The ringleader in a £2.8m boiler room scam was sentenced to 13 years in Jail yesterday after he was found guilty of co-ordinating a scam through a series of boiler room companies that conned 170 investors.
The investigation into the scam, called Operation Tidworth, was one of the most complex taken on by the Financial Conduct Authority (FCA), costing £1.2m and forcing investigators to trawl through four million documents and interview142 witnesses. In all it took five years to bring to justice.
Between 2010 and 2014 ringleader Michael Nascimento set up a call centre with five others to take cash from members of the public, many old and vulnerable, by telling them it would be invested in shares in a property developer in Madeira.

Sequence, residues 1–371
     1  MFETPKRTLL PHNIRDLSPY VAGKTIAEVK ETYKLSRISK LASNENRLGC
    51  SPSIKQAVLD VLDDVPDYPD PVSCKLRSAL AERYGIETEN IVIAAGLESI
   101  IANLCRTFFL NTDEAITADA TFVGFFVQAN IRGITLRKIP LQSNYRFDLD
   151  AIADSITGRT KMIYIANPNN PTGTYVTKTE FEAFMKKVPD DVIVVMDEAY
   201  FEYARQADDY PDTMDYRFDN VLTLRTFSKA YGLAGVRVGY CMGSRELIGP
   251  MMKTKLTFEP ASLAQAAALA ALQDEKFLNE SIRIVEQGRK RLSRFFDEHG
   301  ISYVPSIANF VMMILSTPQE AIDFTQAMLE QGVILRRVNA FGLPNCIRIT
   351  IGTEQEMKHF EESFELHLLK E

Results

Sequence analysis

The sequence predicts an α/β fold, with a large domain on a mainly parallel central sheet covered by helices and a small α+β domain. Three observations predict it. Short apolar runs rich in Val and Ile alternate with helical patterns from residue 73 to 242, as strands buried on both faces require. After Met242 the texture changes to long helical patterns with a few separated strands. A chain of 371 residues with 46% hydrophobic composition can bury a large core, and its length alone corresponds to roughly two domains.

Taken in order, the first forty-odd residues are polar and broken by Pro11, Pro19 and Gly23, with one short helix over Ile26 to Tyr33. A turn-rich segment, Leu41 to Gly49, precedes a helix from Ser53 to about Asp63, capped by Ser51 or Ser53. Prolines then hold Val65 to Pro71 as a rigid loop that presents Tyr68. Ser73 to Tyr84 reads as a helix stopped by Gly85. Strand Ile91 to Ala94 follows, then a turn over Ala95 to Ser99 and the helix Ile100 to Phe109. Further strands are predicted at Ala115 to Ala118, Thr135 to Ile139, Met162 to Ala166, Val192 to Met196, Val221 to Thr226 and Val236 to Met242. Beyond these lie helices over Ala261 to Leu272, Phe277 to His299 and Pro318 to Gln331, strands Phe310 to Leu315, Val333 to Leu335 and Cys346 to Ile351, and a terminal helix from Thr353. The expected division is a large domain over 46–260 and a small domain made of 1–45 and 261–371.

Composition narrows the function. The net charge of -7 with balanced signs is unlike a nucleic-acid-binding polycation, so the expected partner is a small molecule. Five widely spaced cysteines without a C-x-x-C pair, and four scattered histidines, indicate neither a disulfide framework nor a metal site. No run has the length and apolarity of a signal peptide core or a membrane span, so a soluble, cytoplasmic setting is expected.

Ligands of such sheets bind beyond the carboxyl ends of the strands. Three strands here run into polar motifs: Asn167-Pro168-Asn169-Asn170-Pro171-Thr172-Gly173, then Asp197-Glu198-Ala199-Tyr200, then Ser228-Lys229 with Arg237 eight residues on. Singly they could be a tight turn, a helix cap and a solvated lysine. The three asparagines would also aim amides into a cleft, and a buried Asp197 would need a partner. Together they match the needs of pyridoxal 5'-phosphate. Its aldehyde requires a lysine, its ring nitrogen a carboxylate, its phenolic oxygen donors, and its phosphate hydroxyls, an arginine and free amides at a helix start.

The investors were told that the value of the shares would increase substantially when the company was granted permission to build 20 new villas. They were promised guaranteed returns of between 125 per cent and 228 per cent. None were ever paid.
The FCA has come under fire for being "toothless", most recently over its decision not to investigate senior managers at RBS for their role in the mistreatment of small business owners through its global restructuring unit.
Hannah Laming, a partner at law firm Peters & Peters who used to work for the FCA, said the sentencing was a "timely reminder of the good that can come from the FCA's powers".
"The defendant took advantage of elderly victims in a boiler-room scam that led to the loss of nearly £3m. This type of fraud can sometimes slip through the net with the perpetrators avoiding punishment. So, this is a very positive outcome for the FCA and, most importantly, the most vulnerable in society," she said.
Read more: If the regulator won’t regulate, who will?